Date of Award


Degree Type


Degree Name

Doctor of Philosophy (PhD)

Graduate Group


First Advisor

Ebony E. Thomas


A narrative inquiry project, Restorying Painful Histories foregrounds the effects of growing up in a world without self-representation in childhood. Specifically, this project attends to the aftereffects of misrepresentation and representational absence upon the imagination of queer educators. Addressing what Ebony Elizabeth Thomas describes as an “imagination gap” in adulthood, this project draws upon theories of critical literacy, queer studies, and affect studies as it invites queer educators to “restory” past experiences of queerphobia (i.e., a “painful history” of their choosing).

Occurring over the course of one academic year, an inquiry community of nine queer educators gathered monthly at an LGBT center on a private University campus in the Northeast United States to explore the question: how might storytelling support queer educators address histories of queerphobia? During sessions, participants responded—affectively, orally, and in writing—to a shared Young Adult (YA) text featuring intersectionally diverse representations of queer adolescence. Following discussions of a weekly shared reading, participants then drew upon that work as a mentor text through which to rewrite a “painful history” of their choosing in a process called “restorying.” The restorying processes included six forms of narrative change, including rewriting identity, place, mode, perspective, metanarrative, and time.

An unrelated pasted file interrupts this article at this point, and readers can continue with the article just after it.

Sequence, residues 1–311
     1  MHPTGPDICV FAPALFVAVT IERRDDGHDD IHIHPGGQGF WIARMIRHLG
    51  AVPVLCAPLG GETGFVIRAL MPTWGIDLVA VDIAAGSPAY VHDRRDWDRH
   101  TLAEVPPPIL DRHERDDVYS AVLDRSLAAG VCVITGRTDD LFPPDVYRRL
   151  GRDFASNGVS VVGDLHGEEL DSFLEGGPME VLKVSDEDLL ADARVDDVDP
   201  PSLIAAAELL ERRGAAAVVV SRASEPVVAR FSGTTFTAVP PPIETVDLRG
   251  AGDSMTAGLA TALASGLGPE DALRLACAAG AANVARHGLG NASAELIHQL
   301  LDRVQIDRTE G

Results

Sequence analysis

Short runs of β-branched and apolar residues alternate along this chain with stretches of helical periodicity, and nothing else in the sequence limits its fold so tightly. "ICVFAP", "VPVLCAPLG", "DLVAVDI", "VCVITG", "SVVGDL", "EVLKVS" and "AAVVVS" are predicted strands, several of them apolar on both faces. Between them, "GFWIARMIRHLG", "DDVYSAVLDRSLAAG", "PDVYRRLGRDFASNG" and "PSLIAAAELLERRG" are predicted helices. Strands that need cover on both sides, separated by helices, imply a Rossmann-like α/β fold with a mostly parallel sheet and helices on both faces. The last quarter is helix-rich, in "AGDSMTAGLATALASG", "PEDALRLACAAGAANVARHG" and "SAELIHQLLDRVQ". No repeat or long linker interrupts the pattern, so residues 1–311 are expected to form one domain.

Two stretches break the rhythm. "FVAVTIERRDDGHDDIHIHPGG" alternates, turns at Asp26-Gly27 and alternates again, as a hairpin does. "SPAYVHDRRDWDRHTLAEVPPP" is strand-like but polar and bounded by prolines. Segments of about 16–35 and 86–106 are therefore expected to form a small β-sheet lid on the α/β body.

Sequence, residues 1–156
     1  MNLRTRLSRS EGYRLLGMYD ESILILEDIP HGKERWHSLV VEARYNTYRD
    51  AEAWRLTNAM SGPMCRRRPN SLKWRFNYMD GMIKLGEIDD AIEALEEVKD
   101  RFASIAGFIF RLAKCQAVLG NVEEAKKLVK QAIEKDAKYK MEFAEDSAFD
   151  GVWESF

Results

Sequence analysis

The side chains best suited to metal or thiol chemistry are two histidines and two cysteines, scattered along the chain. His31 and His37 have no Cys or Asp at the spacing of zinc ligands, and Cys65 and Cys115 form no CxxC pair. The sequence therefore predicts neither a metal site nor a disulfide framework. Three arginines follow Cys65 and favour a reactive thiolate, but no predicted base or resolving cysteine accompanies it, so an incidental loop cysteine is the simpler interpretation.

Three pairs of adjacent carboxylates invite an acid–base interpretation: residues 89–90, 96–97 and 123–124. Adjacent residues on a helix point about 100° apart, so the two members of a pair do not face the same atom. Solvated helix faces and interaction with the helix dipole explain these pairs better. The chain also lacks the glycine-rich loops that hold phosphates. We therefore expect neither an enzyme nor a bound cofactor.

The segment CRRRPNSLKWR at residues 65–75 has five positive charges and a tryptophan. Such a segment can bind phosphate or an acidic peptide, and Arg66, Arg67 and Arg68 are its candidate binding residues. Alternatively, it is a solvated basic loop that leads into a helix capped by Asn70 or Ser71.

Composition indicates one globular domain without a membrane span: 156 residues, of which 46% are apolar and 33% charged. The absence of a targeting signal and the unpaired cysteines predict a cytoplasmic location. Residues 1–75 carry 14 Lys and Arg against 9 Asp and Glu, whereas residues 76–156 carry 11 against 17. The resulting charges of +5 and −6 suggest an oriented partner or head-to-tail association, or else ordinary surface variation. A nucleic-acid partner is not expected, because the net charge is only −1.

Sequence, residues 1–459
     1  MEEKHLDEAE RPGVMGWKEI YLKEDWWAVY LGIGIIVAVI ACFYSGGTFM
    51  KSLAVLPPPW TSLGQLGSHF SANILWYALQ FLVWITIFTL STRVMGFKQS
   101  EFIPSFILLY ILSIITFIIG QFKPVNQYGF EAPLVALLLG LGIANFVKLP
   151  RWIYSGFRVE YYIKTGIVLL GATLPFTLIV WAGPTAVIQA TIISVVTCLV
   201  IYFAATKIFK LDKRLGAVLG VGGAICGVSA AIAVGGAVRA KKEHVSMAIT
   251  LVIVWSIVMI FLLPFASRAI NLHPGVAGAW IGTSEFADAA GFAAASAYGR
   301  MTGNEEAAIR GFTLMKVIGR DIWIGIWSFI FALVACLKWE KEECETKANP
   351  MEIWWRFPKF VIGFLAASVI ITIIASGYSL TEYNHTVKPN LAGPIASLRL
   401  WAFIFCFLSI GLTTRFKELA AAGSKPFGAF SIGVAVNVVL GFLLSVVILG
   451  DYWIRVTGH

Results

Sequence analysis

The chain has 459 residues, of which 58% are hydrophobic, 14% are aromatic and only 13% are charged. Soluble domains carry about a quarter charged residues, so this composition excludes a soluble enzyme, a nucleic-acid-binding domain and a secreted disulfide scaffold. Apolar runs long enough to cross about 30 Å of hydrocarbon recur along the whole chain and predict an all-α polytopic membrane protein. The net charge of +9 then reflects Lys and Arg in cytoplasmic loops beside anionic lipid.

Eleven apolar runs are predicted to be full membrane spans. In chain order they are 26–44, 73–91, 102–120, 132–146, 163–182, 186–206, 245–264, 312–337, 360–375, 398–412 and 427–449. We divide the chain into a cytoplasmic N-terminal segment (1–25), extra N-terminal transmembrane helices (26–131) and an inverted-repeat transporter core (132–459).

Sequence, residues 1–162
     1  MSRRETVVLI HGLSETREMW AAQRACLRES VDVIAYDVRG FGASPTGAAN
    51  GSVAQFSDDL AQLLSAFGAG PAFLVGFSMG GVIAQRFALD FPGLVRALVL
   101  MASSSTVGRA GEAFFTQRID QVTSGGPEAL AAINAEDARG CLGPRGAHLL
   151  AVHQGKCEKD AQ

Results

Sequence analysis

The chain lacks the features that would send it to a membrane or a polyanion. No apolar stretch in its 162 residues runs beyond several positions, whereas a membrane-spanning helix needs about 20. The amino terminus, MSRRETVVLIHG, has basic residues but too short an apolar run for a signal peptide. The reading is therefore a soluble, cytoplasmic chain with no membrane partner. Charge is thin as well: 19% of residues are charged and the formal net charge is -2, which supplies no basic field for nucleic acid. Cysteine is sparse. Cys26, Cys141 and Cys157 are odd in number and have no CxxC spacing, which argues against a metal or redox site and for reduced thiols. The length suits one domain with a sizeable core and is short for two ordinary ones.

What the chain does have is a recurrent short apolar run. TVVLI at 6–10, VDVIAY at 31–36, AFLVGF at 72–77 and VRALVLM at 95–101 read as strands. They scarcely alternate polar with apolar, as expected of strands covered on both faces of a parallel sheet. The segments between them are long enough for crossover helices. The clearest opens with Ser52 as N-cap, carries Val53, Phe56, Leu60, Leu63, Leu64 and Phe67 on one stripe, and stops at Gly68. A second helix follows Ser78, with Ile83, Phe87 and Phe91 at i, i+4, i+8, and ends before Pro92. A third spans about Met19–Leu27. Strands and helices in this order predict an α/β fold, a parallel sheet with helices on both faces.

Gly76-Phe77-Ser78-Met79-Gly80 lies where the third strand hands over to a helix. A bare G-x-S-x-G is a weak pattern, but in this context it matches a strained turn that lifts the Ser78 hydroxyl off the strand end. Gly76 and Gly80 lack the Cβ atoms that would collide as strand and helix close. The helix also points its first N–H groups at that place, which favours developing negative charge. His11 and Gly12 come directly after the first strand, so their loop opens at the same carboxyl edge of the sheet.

There are three primary findings from this project. First, queer individuals did indeed demonstrate an imagination gap, one that involves the active impulse to “destory” queer life. Isolating this gap revealed, however, the need to cultivate “affective reading” practices that guard against erasing queer history. Second, queer individuals are haunted by “genre ghosts,” by a realism that precludes happy endings and demands queer death. Through “critical speculative uptake,” however, queer people can brook the impulse to destory and bridge imagination gaps in adulthood. Finally, expanding criticality altogether, “reading orientations” are presented as a model for reconfiguring reader response theory to engage a wider range of forms of power. Specifically, “reparative description” reveals how power functions through the imaginative and affective aspects of queer educators’ “affective lives.” This dissertation concludes with a call for representational justice in pursuit of a queerer future.

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